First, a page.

Deltiology (from Greek δελτίον, deltion, diminuitive of δέλτος, deltos, "tablet, letter"; and -λογία, -logia) is the study and collection of postcards. Compared to philately, the iden- tification of a postcard's place and time of production can often be an impossible task because postcards, unlike stamps, are produced in a decentralised, unregulated manner. For this reason, some collectors choose to limit their acquisitions to cards by specific artists and publishers, or by time and location.
Győr [Győr (Hungarian), Raab (German), Ráb (older Czech, older Slovak), Dyor - Дьёр (Russian)] is the most important city of northwest Hungary, the capital of Győr-Moson-Sopron county and lies on one of the important roads of Central Europe, halfway between Budapest and Vienna. The city is the sixth largest in Hungary and one of the seven main regional centres of the country.
It was founded as the first Hungarian Benedictine monastery in 996 by Prince Géza, who designated this as a place for the monks to settle, and then it soon became the centre of the Benedictine order. The monastery was built in honour of Saint Martin of Tours. Géza's son, King Stephen I donated estates and privilege to the monastery. Astrik (Anastasius) served as its first abbot. The oldest surviving document to use Hungarian language, the Charter of the Tihany Benedictine Abbey, dating back to 1055, is still preserved in the library. The first buildings of the community were destroyed, then rebuilt in 1137. The Basilica's pillars and the early Gothic vault were built in the early XIII century, using the walls of the former church. In 1486 it was reconstructed under King Matthias in Gothic style. The monastery became an archabbey in 1541 and as a result of Ottoman incursions into Europe in the 16th and 17th centuries, it was turned into a fortification. During one and a half centuries of the Turkish Occupation, the monks, however, had to abandon the abbey for shorter or longer periods of time. Only later were they able to start the reconstruction of the damaged buildings. During the time of Archabbot Benedek Sajghó, a major baroque construction was in progress in the monastery. In the 17th and 18th centuries, rich Baroque adornments and extensions were added to the complex and much of its current facade dates from this time. It received its present form in 1832, with the library and the tower, which was built in classicistic style. The 18th century, the era of the Enlightenment also influenced the life of the monasteries. The state and the monarchs judged the operation of the communities according to immediate utility, by and large tolerating only those orders which practised nursing and education. In the 1860s, Ferenc Storno organised major renovations, mostly in the basilica. After 1945 the properties of the Order and the schools run by the Benedictines were confiscated by the communist state from 1950 until the end of communism in Hungary. In 1995, one year before the millennium, the complex was entirely reconstructed and renovated. In 1996, "the Millenary Benedictine Abbey of Pannonhalma and its Natural Environment" was elected among the World Heritage sites. Pannonhalma was visited, among others, by Alexius II, Patriarch of Moscow in 1994, Pope John Paul II in 1996 and Patriarch Bartholomew I of Constantinople and the Dalai Lama in 2000. In 2005, a film was made about the archabbot, Asztrik Várszegi, titled A közvetítő ("The mediator").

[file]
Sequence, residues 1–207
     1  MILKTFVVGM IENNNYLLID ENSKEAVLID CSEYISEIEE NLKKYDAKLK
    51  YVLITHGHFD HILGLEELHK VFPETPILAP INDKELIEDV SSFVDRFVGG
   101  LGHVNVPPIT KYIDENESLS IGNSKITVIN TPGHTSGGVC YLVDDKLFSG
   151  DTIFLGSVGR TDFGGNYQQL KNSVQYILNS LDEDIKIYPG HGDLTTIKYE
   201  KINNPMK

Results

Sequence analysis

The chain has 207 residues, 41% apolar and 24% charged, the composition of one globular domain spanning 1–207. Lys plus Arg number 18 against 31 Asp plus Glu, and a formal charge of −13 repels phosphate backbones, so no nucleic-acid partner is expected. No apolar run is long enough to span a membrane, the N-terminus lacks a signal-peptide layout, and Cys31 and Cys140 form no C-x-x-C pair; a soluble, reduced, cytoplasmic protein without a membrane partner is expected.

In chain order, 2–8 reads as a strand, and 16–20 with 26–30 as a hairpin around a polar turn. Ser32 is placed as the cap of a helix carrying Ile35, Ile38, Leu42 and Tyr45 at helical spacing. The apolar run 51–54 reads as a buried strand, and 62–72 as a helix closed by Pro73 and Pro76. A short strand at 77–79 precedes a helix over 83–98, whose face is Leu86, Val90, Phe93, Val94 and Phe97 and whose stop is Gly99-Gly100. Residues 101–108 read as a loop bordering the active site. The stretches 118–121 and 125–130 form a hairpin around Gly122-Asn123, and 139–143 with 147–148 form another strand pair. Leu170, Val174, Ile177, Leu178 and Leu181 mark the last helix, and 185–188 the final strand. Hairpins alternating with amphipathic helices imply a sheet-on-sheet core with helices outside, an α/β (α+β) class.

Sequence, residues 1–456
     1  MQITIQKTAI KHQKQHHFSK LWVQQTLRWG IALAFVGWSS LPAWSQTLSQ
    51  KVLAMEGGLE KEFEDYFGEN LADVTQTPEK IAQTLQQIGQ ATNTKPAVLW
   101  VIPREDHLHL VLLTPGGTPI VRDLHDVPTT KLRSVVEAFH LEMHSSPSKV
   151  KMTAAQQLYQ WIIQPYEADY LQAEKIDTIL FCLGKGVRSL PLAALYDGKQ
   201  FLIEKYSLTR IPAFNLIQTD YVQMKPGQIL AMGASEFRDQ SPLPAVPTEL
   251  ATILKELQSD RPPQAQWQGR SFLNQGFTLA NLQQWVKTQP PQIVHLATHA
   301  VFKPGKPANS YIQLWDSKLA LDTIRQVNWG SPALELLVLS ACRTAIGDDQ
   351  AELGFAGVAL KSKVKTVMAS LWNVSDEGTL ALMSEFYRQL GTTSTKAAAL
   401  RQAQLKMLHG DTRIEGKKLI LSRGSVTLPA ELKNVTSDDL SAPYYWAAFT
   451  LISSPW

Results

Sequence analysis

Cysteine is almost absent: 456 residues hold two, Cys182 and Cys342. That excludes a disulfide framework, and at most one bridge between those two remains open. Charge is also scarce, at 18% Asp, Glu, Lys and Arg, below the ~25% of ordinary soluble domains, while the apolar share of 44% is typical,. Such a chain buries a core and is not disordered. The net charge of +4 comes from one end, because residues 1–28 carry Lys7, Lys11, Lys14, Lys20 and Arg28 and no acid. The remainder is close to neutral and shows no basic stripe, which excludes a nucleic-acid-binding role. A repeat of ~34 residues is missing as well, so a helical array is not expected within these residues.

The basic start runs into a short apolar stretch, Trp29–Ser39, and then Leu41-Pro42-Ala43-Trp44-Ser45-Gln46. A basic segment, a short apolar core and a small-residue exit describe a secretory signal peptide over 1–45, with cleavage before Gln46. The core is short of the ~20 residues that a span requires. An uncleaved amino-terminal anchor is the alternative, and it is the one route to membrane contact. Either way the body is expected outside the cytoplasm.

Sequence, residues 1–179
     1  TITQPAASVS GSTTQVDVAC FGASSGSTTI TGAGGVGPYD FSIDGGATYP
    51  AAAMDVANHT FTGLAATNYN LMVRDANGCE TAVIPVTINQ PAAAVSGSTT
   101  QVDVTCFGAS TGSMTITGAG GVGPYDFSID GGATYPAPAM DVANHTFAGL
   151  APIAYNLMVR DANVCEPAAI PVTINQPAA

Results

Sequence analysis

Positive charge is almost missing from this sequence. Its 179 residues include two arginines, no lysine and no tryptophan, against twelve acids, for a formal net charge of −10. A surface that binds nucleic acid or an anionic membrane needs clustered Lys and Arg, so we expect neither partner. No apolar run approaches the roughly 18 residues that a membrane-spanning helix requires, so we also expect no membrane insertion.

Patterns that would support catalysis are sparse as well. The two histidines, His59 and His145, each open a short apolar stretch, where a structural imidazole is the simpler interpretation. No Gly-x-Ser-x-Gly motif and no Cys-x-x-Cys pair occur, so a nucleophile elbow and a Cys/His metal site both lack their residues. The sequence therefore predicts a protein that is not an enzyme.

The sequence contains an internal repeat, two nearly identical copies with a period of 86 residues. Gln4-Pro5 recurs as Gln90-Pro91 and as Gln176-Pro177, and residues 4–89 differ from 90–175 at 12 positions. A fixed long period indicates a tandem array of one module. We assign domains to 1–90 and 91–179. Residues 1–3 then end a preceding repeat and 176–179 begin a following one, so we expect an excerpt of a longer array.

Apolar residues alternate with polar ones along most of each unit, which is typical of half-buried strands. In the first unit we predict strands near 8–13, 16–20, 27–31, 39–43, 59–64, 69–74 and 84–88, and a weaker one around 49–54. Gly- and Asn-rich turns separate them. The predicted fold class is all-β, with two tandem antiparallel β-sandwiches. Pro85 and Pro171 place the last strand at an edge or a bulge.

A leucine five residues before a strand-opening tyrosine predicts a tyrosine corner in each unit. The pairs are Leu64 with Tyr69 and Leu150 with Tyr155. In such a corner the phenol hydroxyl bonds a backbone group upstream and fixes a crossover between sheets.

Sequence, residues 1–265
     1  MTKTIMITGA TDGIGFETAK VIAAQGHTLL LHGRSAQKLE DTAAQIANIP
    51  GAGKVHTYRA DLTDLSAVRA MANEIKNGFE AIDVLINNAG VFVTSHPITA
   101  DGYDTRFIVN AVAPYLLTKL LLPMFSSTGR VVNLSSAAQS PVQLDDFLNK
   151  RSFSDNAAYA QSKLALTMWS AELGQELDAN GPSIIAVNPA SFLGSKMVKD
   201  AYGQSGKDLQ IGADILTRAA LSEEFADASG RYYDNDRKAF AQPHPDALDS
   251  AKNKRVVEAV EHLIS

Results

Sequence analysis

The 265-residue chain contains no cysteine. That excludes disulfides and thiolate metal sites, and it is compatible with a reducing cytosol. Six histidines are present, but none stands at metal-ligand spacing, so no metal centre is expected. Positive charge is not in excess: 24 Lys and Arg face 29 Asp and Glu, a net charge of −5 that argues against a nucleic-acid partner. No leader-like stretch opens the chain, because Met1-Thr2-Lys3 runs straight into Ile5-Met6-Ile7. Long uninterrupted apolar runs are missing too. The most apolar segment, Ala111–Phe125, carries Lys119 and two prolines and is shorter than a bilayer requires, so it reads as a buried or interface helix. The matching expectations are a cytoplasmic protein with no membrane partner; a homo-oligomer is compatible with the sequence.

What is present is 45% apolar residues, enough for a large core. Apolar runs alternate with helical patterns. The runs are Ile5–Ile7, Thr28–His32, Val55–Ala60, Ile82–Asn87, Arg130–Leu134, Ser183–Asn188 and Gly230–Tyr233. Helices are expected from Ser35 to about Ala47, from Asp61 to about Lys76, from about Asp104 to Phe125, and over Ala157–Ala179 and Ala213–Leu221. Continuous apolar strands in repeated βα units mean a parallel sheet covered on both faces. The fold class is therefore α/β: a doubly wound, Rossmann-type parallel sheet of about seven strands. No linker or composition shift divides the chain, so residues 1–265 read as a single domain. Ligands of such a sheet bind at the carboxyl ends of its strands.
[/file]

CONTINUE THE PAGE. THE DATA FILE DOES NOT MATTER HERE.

The library was finished in the first third of the 19th century. The longitudinal part of the building was planned and built by Ferenc Engel in the 1820´s. Later János Packh was commissioned with extending the edifice, and the oval hall is his work. Joseph Klieber, a Vienna master was asked to ornament the interior of the building. On the four sides of the oval hall's ceiling the allegories of the four medieval university faculties can be seen: Law, Theology, Medicine and the Arts. The holdings of the library have been increasing ever since. Manuscripts from the time of Saint László have been catalogued in Pannonhalma. As of today, 400.000 volumes are kept in the collection.